Holiday Safety Tips and Mental Health Tips...
Holiday Safety Tips and Mental
The holidays are an exciting time of year for
kids, and to help ensure they have a safe and happy holiday season, here are
some safety and mental health tips from the American Academy of Pediatrics (AAP).
Please feel free to excerpt these tips or use them in their entirety for any
print or broadcast story, with acknowledgment of the source.
HOLIDAY SAFETY TIPS
purchasing an artificial tree, look for the label "Fire Resistant."
purchasing a live tree, check for freshness. A fresh tree is green, needles
are hard to pull from branches, and needles do not break when bent between
your fingers. The trunk butt of a fresh tree is sticky with resin, and when
tapped on the ground, the tree should not lose many needles.
up a tree at home, place it away from fireplaces, radiators or portable
heaters. Place the tree out of the way of traffic and do not block doorways.
Cut a few
inches off the trunk of your tree to expose the fresh wood. This allows for
better water absorption and will help keep your tree from drying out and
becoming a fire hazard.
Be sure to
keep the stand filled with water, because heated rooms can dry live trees out
Check all tree
lights--even if you have just purchased them--before hanging them on your
tree. Make sure all the bulbs work and that there are no frayed wires, broken
sockets or loose connections.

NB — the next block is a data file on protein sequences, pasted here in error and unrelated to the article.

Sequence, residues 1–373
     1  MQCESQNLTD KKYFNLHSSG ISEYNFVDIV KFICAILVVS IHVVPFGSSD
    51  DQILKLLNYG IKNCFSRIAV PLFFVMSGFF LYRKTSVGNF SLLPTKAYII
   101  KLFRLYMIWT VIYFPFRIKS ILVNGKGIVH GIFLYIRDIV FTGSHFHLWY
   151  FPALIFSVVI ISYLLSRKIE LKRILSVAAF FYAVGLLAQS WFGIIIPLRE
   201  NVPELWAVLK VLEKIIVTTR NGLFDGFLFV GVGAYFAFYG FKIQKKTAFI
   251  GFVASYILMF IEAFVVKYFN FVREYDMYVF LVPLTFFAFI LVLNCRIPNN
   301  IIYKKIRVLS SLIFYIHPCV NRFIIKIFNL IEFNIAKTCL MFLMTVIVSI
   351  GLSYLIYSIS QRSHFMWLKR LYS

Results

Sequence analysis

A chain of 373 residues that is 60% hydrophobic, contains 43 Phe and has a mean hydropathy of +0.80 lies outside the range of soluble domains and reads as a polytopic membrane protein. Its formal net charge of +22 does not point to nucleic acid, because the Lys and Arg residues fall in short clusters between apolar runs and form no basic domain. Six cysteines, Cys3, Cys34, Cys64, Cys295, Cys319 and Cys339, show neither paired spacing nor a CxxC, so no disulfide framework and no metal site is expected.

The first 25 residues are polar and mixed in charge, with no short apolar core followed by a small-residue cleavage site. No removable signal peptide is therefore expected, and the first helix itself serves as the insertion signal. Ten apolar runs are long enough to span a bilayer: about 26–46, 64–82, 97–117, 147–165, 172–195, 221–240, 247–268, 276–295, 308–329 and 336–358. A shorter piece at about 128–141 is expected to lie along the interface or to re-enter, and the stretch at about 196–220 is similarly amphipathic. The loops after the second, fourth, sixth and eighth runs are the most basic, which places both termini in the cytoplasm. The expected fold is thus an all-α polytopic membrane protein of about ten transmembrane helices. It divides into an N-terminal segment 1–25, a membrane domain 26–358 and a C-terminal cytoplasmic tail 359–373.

electric lights on a metallic tree. The tree can become charged with
electricity from faulty lights, and a person touching a branch could be
strands may contain lead in the bulb sockets and wire coating, sometimes in
high amounts. Make sure your lights are out of reach of young children who
might try to mouth them, and wash your hands after handling them.
lights outdoors, check labels to be sure they have been certified for outdoor
use. To hold lights in place, string them through hooks or insulated staples,
not nails or tacks. Never pull or tug lights to remove them.
outdoor electric decorations into circuits with ground fault circuit
interrupters to avoid potential shocks.
Turn off all
lights when you go to bed or leave the house. The lights could short out and
start a fire.
non-combustible or flame-resistant materials to trim a tree. Choose tinsel or
artificial icicles of plastic or nonleaded metals.
lighted candles on a tree or near other evergreens. Always use non-flammable
holders, and place candles where they will not be knocked over.
In homes with
small children, take special care to avoid decorations that are sharp or
breakable. Keep trimmings with small removable parts out of the reach of
children to prevent them from swallowing or inhaling small pieces. Avoid
trimmings that resemble candy or food that may tempt a young child to eat
Wear gloves to
avoid eye and skin irritation while decorating with spun glass "angel hair."
Follow container directions carefully to avoid lung irritation while
decorating with artificial snow sprays.
wrapping papers, bags, paper, ribbons and bows from tree and fireplace areas
after gifts are opened. These items can pose suffocation and choking hazards
to a small child or can cause a fire if near flame.